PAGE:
Some asthmatic children may have an increase in asthmatic episodes as a result of being around secondhand smoke. But that is far from the mendacious claim that secondhand smoke kills 50,000 Americans a year.

6. Baby formula: Just as virtually an entire generation that grew up surrounded by secondhand smoke is the healthiest generation in American history, so, too, this same generation was overwhelmingly bottle-fed. Nevertheless, there has arisen a genuine hysteria over bottle-feeding. Breast-feeding is usually better for a baby, but the health difference is very slight. The intensity of the opposition to bottle feeding is just another hysteria. Ask new mothers about the intense pressure they feel to breast-feed.

7. Homelessness in America: During the 1980s, another major crisis in America was announced by left-wing activists — homelessness. Of course, every homeless person is a tragedy, but, again, the left created the hysteria. The spokesman for the cause, Mitch Snyder, routinely announced that there were between 2 million and 3 million homeless Americans. And the press, as usual, would regularly cite these numbers to demonstrate how callous America is toward its own people. The numbers, however, were completely made up. In other words, all lies. The number of American homeless given at the time by the Department of Housing and Urban Development (HUD) was between 250,000 and 350,000. When finally questioned about his numbers by Ted Koppel on ABC’s “Nightline,” Snyder admitted the numbers were invented. “Everybody said we want a number,” Snyder told Koppel. “We got on the phone, we made a lot of calls, we talked to a lot of people, and we said, ‘OK, here are some numbers.’ They have no meaning, no value.”

8. Hunger in America: After the homelessness numbers were finally dismissed as fraudulent, the left focused attention on another alleged area of Americans’ callousness for fellow Americans — hunger. Thus, John Edwards, 2004 Democratic candidate for vice president, repeatedly proclaimed that “35 million Americans last year went hungry. … This [election] is about those 35 million people who are hungry every single year.”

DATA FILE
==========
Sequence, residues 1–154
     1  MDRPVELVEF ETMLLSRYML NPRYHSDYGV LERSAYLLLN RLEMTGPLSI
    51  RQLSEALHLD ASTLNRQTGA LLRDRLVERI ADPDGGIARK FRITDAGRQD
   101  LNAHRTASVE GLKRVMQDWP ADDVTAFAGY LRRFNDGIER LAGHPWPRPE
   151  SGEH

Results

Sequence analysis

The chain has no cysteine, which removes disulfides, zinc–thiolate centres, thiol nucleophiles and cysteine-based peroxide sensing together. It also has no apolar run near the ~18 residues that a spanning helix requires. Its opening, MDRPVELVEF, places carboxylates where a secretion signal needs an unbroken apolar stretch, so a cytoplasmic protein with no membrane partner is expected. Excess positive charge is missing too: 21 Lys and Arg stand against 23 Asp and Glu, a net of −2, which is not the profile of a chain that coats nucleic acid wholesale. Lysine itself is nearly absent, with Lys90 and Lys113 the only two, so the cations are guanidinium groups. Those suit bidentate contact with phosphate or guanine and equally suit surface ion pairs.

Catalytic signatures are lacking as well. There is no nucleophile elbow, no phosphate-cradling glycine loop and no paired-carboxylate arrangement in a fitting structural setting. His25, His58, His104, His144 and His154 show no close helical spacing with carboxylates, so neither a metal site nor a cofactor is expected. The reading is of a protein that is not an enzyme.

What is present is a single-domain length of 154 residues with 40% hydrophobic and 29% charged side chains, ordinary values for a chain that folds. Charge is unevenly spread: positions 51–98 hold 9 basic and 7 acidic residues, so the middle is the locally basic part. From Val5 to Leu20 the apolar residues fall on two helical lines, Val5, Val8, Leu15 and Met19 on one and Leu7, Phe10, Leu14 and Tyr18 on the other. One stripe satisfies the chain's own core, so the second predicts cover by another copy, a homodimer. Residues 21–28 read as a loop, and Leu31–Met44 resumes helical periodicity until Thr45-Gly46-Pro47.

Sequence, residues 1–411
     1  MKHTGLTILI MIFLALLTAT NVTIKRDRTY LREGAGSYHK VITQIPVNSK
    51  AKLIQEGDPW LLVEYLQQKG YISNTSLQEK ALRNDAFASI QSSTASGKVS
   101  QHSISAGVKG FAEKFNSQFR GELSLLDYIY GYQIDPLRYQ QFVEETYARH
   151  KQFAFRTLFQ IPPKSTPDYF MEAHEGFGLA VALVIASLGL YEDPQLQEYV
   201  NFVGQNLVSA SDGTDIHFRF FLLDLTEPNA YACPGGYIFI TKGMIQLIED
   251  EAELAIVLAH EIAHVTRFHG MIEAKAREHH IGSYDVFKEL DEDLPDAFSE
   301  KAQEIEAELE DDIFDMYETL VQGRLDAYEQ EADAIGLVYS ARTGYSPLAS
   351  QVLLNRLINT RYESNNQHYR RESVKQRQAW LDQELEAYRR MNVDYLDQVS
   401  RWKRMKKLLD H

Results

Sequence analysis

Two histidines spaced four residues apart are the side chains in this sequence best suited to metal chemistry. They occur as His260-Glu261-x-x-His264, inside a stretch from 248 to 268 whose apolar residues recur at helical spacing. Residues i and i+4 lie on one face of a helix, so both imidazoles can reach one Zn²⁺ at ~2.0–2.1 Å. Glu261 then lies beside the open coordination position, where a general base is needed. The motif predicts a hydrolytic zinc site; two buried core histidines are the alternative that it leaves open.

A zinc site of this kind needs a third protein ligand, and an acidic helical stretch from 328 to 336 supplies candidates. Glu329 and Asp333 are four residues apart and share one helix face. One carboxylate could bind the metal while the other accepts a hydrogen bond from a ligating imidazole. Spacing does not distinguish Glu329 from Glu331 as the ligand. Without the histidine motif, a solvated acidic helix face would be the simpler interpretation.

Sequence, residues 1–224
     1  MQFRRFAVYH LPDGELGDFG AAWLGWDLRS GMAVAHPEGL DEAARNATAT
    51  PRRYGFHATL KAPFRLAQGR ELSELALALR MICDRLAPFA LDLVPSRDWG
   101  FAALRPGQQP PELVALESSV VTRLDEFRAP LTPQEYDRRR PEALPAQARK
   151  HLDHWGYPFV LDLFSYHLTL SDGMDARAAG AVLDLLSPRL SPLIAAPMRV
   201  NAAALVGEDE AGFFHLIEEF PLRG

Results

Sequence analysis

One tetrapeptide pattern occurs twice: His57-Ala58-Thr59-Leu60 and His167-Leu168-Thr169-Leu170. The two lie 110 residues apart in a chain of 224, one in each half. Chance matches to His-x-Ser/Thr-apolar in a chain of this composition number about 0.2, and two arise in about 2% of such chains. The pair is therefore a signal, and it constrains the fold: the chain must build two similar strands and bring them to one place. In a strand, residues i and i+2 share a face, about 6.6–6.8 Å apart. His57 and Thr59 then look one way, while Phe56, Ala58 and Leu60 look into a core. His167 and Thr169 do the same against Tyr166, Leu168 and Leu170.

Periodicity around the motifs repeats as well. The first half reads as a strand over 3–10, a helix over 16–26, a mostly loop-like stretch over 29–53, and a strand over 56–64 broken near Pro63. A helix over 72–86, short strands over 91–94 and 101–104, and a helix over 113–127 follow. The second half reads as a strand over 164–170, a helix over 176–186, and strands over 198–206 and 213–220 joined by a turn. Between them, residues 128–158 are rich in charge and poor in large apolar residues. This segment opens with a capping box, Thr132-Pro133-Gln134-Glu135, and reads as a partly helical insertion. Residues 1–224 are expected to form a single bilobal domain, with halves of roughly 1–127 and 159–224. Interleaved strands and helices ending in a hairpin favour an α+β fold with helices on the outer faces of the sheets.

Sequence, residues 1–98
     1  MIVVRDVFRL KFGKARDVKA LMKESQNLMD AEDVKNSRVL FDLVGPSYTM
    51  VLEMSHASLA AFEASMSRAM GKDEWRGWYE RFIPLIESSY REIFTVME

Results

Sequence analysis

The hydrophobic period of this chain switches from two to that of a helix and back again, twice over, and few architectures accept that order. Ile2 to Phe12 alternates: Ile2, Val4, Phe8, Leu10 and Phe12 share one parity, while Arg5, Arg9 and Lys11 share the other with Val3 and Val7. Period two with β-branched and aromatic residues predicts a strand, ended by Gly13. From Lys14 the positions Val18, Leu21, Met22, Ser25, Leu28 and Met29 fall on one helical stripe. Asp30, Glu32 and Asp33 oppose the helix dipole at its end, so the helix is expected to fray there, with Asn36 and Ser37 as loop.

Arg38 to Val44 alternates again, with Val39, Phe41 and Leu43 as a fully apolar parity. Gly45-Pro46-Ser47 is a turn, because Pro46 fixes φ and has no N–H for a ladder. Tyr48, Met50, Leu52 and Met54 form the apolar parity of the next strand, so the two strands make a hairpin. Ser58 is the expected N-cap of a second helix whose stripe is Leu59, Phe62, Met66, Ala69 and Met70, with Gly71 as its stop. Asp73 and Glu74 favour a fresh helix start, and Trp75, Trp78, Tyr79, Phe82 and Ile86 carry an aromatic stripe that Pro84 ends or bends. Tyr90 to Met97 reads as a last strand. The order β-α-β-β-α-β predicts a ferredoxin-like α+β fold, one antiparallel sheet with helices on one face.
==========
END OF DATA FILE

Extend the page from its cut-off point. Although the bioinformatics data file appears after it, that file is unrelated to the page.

There was no truth to this charge. The only basis for it was a U.S. Department of Agriculture Report that said that about 35 million Americans experienced “household food insecurity.” That term does not, the USDA emphasized, mean hunger. It only means being forced to reduce “variety in their diets” or eat a “few basic foods” at various times of the year.

9. Peanuts: In 2005, according to the Centers for Disease Control and Prevention (CDC), 11 Americans died of all food allergies — adults as well as children, and from an allergy to any food, not just peanuts. Yet, schools across America have banned peanuts and peanut butter, among the few protein-rich foods many children like to eat. Compare this to about 10,000 children who are hospitalized each year for sports-related traumatic brain injuries. The peanut hysteria has been led by liberal school officials, the Asthma and Allergy Foundation of America, and Consumer Reports, a liberal magazine that helped stoke the hysteria about secondhand smoke and various other non-issues.

So, dear reader, please forgive me and tens of millions of others for not believing that because human beings burn fossil fuels in 2011, Manhattan will be under water by 2100. When those who promote this scenario are zero for nine in all their prior attempts to change society through apocalyptic scenarios, you can understand why we’re a bit skeptical about No. 10.